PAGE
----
The Kilpatrick committee recommended that mathematics be tailored for four different groups: first, the "general readers," who needed only ordinary arithmetic in their everyday lives; second, students preparing for certain trades (e.g., plumbers or machinists), who needed a modest amount of mathematics, but certainly not algebra and geometry; third, the few students who wanted to become engineers who needed certain mathematical skills and knowledge for their jobs; and last, the "group of specializers," including students "who 'like' mathematics," for whom the existing program seemed about right, although the committee proposed "even for this group a far-reaching reorganization of practically all of secondary mathematics."This sounds an awful like the European system of vocational tracking which so many Americans rightly bemoan. Is this really what Garfunkel and Mumford want? Do they really want it determined in high school who is going to pursue physics and mathematics, or major in one of the many subjects for which college-level math is the prerequisite?
Equally questionable are Garfunkel and Mumford's closing assertions. First:
We believe that the best way for the United States to compete globally is to strive for universal quantitative literacy: teaching topics that make sense to all students and can be used by them throughout their lives.Perhaps Garfunkel and Mumford no longer see mathematics and science as worthwhile areas for American competition. Second:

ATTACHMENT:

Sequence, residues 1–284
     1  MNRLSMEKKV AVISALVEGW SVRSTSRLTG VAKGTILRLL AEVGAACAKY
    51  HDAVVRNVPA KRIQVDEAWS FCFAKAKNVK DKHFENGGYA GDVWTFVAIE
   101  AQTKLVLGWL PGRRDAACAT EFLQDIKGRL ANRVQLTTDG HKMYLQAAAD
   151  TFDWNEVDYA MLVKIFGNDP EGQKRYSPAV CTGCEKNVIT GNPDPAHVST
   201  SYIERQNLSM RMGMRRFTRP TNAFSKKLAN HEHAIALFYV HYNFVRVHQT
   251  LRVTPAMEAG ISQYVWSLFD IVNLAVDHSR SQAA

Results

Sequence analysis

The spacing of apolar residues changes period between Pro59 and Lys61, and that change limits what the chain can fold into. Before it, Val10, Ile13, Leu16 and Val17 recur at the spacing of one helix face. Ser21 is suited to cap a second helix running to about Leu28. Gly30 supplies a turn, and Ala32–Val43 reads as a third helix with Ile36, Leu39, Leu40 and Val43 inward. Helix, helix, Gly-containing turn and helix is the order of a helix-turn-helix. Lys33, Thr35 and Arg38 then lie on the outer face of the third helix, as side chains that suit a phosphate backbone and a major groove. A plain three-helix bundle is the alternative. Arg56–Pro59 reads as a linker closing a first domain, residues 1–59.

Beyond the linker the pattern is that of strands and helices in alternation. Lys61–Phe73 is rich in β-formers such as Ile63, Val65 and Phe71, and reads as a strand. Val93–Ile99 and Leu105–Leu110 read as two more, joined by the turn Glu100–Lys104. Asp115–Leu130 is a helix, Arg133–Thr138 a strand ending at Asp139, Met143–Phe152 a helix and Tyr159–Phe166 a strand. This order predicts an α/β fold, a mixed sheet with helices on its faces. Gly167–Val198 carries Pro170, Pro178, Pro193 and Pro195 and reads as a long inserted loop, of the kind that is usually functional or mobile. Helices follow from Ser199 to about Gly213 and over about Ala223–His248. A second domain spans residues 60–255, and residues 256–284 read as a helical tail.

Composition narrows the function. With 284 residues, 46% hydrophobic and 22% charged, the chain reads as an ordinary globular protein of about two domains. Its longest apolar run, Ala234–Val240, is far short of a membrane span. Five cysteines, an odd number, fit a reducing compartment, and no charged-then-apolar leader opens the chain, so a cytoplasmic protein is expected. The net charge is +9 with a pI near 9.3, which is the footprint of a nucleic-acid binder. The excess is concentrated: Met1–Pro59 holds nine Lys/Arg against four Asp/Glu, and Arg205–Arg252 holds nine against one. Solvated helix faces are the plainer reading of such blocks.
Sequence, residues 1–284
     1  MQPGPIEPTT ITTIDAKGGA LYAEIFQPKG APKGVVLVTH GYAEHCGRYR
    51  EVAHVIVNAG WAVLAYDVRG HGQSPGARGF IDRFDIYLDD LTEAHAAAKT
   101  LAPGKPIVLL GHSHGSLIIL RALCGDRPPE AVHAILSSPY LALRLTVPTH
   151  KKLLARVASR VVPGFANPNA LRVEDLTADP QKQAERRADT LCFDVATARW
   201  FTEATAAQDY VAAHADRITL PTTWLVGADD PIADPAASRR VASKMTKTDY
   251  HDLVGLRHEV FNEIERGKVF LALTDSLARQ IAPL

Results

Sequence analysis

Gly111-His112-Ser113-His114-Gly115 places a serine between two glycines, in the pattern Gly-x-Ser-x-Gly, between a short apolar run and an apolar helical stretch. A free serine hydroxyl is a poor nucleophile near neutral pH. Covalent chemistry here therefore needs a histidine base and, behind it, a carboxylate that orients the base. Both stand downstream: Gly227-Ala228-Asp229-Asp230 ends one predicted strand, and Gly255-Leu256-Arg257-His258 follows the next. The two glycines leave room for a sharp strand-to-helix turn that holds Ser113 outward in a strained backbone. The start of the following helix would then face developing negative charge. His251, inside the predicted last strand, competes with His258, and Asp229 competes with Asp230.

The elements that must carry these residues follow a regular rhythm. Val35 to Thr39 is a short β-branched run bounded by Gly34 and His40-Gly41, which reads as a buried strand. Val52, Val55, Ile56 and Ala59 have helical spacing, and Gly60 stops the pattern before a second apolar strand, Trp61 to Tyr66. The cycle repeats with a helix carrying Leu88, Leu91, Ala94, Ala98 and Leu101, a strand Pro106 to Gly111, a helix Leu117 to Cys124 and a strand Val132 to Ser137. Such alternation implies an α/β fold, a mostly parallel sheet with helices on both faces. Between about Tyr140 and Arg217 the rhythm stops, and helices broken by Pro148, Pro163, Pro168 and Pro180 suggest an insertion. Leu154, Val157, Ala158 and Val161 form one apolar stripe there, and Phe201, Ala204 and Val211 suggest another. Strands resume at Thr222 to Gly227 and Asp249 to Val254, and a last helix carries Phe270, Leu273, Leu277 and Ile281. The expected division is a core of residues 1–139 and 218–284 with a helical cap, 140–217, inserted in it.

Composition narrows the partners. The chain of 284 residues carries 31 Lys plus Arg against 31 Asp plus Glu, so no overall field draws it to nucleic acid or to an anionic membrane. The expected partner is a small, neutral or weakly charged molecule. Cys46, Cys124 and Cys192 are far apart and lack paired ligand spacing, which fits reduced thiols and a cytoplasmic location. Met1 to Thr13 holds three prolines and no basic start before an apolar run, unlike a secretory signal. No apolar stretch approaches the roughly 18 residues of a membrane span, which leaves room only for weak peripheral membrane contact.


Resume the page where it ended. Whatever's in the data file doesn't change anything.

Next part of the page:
It is through real-life applications that mathematics emerged in the past, has flourished for centuries and connects to our culture now.Here Garfunkel and Mumford aren't repeating history, but rewriting it. While mathematical guess and check procedures often emerge out of real-world application, in general, real-world mathematical application has lagged several hundred years behind pure mathematical theory. As irrelevant to today's non-mathematicians as today's mathematical advancements may appear to be, they may turn out in several centuries to be crucial to solving real-world problems in anything from cryptography to quantum computing to the generation of sustainable energy. Assuming, of course, that future scientists and engineers are still getting adequate training in basic high school math.